The important thing to understand is that as a Christian, it sadly wouldn’t be a surprise if you know someone who self harms. And sadly again, it shouldn’t be a surprise if they are Christian. As Christians, we are not exempt from the sufferings and pain of this world. The Bible says, “Beloved, do not be surprised at the fiery trial when it comes upon you to test you, as though something strange were happening to you.” (1 Peter 4:12). The curse of sin affected the entire world, including God’s people, so you should never be judgemental of Christians who are going through this. And you have no reason to feel ‘extra guilty’ if you are going through this yourself. One of Satan’s best tactics is to make us feel alone from both God and from the people around us. The “father of lies” (John 8:44) wins this battle far too often.

Read the Psalms?

Something I found frustrating was that it felt like my friends wouldn’t understand me. This discouraged me from talking to anyone. If I did, they would say things like, “Just think more positively!” and, “Maybe just do some things that you enjoy” and, “Read the Psalms! They are about turning back to God!” I couldn’t stand those comments! I especially couldn’t stand being told to read the Psalms. I didn’t have the capacity to turn from, “O God, why have you left me?” to, “But then I remembered that you are God, and you are my salvation”.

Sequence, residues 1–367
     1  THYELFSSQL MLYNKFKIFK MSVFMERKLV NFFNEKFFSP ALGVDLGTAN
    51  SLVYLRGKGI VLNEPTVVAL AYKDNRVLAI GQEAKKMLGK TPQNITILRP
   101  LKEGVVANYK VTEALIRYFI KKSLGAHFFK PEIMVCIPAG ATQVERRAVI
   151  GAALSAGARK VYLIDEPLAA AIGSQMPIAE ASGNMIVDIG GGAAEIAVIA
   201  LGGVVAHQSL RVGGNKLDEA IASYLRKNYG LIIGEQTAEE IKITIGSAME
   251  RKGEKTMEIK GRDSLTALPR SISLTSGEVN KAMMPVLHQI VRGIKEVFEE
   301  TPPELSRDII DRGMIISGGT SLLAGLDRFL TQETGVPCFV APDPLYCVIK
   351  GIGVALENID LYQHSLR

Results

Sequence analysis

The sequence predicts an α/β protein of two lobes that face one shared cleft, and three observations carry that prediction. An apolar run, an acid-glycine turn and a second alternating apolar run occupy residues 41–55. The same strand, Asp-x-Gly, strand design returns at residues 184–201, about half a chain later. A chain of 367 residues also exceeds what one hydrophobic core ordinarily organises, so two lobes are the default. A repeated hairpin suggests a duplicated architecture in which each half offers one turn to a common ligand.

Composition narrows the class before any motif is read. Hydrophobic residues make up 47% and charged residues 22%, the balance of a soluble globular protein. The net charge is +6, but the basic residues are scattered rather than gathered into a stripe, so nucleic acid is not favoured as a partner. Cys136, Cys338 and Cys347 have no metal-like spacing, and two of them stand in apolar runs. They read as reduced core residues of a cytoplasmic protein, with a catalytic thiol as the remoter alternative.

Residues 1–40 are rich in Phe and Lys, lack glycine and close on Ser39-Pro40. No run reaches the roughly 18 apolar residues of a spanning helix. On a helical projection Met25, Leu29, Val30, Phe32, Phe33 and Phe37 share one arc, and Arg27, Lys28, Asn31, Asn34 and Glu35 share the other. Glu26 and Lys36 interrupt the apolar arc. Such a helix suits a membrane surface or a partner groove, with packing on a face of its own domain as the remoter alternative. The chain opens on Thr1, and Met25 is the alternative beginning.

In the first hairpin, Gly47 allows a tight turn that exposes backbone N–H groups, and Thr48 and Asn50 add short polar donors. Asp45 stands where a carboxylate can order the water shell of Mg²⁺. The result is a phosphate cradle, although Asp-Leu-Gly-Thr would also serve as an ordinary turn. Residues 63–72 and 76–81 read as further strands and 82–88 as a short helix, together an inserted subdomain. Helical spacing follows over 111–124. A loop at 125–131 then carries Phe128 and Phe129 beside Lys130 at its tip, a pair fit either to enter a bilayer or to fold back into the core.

That was SO far from my reality that it all seemed too fake. 

But then I found Psalm 88 where there is NO happy ending – and I really liked that! It was helpful to see that God wanted to have this Psalm in the Bible. What I didn’t know how to express was that I just needed to know that someone was listening to me, and sitting in the deep, dark hole I was in. I needed people to understand that I didn’t have the strength to come out yet, but didn’t want them to force me to try anything. I would only disappoint them by not being able to do that yet! This Psalmist seemed to get it. It didn’t seem like he was getting immediate answers from God either. And yet, it’s still in the Bible! I didn’t admit this for about 6 months, but reading this Psalm really did give me hope in God.

God loves everyone - including those who self harm

From the Bible, we learn that we are to love and care, and carry each others’ burdens. In this situation, it is most likely that this is not something that YOU can fix. Instead, devote yourself to prayer even when it feels like talking to a brick wall. Entrust the situation to God. Believe that He cares and that He can bring the person through to the other side. 

And do remember that God loves those who self harm. I know you love them, but know that He loves them even more. He loves them enough to have sent Jesus to experience suffering and pain and death. He loves them enough to defeat death with his own resurrection, and promise to take us with him to heaven so we won’t have to experience the unfathomable eternity of suffering. (“The Son of Man must suffer many things…and be killed, and on the third day be raised.” Luke 9:22) He loves them enough to have brought you into their life to join Him in loving them as well.

Ultimately, “we love because He first loved us” (1 John 4:19), and your friend needs your help to always be reminded of this.

Places to go for help

Some useful online resources to find information and help:


Headspace: find them on Facebook, and go to

Beyond Blue: find them on Facebook, and go to

Lifeline: ring them on 13 11 14, (any time!), and go to


National Self Harm Network

Nightline. Help for University Students

NHS Direct:


Reach Out:

1-800-334-HELP – Self Injury Foundation’s 24-hour national crisis line.

To Write Love On Her Arms: